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Conducting Successful
Internal Audits

Internal auditing represents a departure from traditional, detect-and-punish auditing methods that quality professionals have used since the Industrial Revolution.

by Tom Taormina

During the last two decades, enlightened business leaders began to move their organizations'  operations beyond independent, departmentalized activities into integrated business processes. Realizing that serialized hierarchies, which throw products and services from one department to the next, are bureaucratic and wasteful, these leaders quantified the high costs of tollgate  inspections and adversarial interdepartmental relationships and deemed them obsolete. Instead, they formed successful cross-functional process teams that take responsibility for their specific operations.

This break from traditional management practices turns away not only from organizational enemies such as redundancy, problem solving (because enlightened companies pride themselves on avoiding problems altogether) and adversarial rivalries but from some old friends as well. In vertical organizations, employees can count on someone a step below them to shoulder the blame when outcomes prove less than optimal. Likewise, usually someone a step above can serve as a shield from the bullies on mahogany row. And, typically, a separate department buffers customers from defects inadvertently passed along the hierarchy.

In organizations positioning themselves as leaders in the new millennium, process owners are responsible for their own work as well as to their teams for ensuring that products or services are defect-free and compliant with all stated and implied requirements. These organizations are removing past buffers and introducing new methods to ensure that internal problems don't become customer problems. For as proficient as we may become with process control, the human dynamic will always introduce as much operational deviation as tool wear or late supplier deliveries.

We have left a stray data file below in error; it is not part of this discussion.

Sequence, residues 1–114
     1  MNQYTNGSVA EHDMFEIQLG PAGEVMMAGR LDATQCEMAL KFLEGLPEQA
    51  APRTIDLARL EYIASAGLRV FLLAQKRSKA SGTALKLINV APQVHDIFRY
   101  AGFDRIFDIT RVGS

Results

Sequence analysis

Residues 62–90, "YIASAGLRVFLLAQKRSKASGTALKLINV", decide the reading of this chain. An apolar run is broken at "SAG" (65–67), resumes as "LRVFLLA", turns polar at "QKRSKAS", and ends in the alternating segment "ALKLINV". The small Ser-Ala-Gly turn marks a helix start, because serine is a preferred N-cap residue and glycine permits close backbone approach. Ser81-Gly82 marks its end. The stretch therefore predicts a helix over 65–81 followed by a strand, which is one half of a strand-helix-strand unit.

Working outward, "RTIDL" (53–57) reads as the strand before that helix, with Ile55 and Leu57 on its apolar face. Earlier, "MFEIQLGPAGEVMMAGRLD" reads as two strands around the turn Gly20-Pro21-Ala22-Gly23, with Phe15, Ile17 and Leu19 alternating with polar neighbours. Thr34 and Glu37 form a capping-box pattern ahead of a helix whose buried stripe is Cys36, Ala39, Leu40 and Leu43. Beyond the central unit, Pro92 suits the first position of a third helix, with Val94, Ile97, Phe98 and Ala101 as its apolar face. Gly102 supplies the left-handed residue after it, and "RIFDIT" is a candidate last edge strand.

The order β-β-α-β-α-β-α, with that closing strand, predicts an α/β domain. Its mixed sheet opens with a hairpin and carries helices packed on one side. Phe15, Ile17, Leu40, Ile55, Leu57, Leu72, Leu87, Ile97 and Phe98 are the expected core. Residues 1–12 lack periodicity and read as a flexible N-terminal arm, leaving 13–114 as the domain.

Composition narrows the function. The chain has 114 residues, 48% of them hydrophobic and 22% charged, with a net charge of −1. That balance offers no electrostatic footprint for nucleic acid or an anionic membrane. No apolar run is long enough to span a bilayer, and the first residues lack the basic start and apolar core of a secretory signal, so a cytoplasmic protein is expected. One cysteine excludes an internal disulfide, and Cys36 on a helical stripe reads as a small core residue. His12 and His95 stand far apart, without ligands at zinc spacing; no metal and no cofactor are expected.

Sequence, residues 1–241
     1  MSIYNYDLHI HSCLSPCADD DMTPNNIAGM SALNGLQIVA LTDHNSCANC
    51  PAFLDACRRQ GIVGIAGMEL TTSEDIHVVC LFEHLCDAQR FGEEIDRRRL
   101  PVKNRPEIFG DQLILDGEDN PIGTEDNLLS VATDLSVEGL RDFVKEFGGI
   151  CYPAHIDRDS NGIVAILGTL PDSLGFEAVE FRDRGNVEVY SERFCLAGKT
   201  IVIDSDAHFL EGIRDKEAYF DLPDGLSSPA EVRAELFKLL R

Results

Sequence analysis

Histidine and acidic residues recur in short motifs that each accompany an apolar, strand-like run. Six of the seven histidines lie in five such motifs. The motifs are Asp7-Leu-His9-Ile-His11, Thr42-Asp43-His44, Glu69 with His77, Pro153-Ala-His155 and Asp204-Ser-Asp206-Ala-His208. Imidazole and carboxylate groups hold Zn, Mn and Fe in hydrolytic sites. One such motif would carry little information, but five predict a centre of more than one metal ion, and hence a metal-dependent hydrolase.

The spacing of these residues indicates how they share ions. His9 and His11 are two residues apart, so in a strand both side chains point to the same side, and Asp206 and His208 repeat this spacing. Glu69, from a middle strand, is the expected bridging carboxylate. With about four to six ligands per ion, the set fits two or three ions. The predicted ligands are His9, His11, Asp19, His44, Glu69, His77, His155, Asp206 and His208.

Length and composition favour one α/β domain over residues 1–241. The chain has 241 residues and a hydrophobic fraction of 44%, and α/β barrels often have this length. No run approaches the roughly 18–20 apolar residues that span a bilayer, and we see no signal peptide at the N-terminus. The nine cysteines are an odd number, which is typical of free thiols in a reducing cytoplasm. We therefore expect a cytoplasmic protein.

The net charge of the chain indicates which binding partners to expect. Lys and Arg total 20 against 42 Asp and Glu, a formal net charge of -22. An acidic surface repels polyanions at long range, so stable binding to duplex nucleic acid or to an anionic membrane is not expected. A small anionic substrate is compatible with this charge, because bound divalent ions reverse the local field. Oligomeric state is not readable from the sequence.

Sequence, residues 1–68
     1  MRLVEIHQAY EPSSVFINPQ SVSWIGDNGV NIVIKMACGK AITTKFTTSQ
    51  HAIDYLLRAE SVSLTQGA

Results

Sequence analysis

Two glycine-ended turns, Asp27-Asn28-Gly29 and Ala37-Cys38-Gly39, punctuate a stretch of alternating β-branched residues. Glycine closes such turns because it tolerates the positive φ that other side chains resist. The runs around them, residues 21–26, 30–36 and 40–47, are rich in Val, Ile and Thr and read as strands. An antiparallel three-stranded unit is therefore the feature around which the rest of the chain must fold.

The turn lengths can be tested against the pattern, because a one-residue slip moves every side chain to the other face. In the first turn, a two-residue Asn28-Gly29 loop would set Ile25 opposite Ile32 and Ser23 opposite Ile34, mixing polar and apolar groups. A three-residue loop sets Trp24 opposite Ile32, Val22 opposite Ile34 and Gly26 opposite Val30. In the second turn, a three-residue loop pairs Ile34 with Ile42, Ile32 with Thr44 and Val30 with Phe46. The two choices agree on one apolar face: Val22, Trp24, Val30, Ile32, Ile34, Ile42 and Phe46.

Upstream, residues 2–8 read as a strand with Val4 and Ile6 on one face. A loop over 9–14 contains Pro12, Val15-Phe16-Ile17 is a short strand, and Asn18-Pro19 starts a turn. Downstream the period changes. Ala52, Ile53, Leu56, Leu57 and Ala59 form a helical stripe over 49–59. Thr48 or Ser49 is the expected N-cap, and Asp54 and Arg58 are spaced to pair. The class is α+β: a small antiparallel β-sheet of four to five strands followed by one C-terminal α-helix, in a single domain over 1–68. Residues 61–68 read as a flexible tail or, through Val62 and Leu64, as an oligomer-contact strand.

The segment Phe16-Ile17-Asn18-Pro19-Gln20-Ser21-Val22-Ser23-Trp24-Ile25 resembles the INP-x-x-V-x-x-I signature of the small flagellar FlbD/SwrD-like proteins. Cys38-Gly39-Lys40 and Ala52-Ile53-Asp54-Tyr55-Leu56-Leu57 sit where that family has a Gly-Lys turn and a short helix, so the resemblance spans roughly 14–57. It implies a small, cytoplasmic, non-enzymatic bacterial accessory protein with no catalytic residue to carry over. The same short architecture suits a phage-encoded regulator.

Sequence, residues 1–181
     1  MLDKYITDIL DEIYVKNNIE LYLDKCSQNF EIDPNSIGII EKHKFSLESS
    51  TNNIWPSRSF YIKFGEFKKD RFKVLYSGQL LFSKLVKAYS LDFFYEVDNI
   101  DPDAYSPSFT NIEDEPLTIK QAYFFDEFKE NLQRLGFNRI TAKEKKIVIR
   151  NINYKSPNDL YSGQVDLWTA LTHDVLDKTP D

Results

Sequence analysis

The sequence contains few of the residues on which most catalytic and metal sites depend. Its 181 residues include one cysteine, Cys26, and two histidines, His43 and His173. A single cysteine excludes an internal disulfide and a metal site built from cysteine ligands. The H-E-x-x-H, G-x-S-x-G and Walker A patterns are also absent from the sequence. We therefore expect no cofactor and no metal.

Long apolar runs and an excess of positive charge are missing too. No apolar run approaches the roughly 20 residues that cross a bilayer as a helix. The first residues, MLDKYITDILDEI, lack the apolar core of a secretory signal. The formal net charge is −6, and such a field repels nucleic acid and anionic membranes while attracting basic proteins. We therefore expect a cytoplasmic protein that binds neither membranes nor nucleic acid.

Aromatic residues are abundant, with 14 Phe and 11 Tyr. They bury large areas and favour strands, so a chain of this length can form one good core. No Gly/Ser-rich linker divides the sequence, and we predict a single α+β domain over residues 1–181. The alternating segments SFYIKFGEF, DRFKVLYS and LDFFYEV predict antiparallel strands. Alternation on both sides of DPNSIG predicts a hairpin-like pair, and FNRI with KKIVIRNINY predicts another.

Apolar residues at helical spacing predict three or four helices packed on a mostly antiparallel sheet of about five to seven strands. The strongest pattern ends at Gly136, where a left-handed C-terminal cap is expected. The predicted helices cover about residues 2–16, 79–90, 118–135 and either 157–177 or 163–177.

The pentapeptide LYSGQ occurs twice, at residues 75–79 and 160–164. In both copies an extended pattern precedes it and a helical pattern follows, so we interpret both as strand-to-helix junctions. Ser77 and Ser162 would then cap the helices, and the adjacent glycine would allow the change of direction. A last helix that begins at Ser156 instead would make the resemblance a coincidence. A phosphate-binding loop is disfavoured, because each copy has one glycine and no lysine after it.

Successful, team-based organizations must find nonconfrontational ways to minimize process variation and human dynamics productively, thereby producing winners and winners instead of winners and losers.

       Because many successful quality management systems use ISO 9000 as a launching pad, this article will examine internal auditing from that perspective. But even without an ISO 9000-based quality management system, internal auditing can help companies evolve a team-oriented culture. Internal auditing represents a departure from traditional, detect-and-punish auditing methods that quality professionals have used since the Industrial Revolution.

Assessing processes, not people

ISO 9000 recommends that a company document its successful processes in a way that all process owners can understand, then operate within those process procedures to implement objective methods that ensure employees follow procedures. This is commonly paraphrased as "write down what you do, do what you write down and make sure you are doing it." The standard suggests a program of ongoing, nonconfrontational internal audits to guarantee conformance compliance. The same truism applies to any quality management system.

 Internal auditing is a proactive process of identifying whether documented procedures are being followed and are effective. It means co-workers helping co-workers achieve process efficacy, as opposed to quality cops "writing up and shooting down" violators. Internal auditing proponents constantly demonstrate that refining processes is much easier and more cost-effective than punishing people.

Unlike most conventional conformance monitoring, internal auditing goes beyond providing statistical failure data; it sets the stage for a culture of continuous improvement. When a process is continually audited for conformance, ineffective procedures are identified and replaced, process anomalies are uncovered and corrected, and operators are engaged in      refining their own processes. Properly implemented, internal auditing is one of the most effective tools of incremental improvement available today.


The most effective auditors have a little bit of Sherlock Holmes imbedded in their makeup. They can follow a clue and develop a deductive analysis of a given situation.


Internal auditing basics

An internal audit appraises processes to determine if they are operating within their documented procedures and are effective for their stated intent. Let's dissect this straightforward definition to clarify its intent and meaning.

Process appraisal -- An appraisal means rendering an expert judgment of something's value or merit. From an internal auditing perspective, appraisal means methodically examining a business process. The examination begins by asking those who perform the process regularly to explain, in their own words, how the process works. Their statements are compared with the written process procedures, and compliance and deviations are noted. Next, the trail of paperwork or electronic data generated by the process is examined to determine whether it follows the written procedures' intent and is consistent with the process operators' verbal explanations.